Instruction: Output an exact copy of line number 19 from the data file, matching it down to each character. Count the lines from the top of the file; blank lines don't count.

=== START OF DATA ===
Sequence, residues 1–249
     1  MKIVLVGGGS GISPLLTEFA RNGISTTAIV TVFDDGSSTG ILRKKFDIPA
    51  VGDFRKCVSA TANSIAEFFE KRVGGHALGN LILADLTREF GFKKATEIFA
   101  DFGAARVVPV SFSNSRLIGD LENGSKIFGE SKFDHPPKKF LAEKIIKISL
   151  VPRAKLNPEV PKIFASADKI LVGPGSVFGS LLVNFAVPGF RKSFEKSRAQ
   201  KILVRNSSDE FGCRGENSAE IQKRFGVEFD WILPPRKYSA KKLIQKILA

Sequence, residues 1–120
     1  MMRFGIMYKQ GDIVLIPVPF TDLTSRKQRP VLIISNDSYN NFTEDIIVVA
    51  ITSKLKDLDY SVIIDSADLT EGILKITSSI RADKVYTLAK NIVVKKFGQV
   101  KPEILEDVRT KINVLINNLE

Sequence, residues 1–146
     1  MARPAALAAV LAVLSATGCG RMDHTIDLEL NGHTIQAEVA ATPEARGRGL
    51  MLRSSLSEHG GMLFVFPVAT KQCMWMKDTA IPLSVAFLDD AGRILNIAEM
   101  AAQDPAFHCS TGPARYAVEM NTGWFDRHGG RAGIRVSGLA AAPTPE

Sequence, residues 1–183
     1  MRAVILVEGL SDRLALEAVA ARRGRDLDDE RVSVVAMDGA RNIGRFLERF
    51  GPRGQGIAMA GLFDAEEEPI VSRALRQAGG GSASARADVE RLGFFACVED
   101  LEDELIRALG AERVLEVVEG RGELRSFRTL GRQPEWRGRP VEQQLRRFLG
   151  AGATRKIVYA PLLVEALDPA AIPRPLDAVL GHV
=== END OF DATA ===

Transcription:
   151  AGATRKIVYA PLLVEALDPA AIPRPLDAVL GHV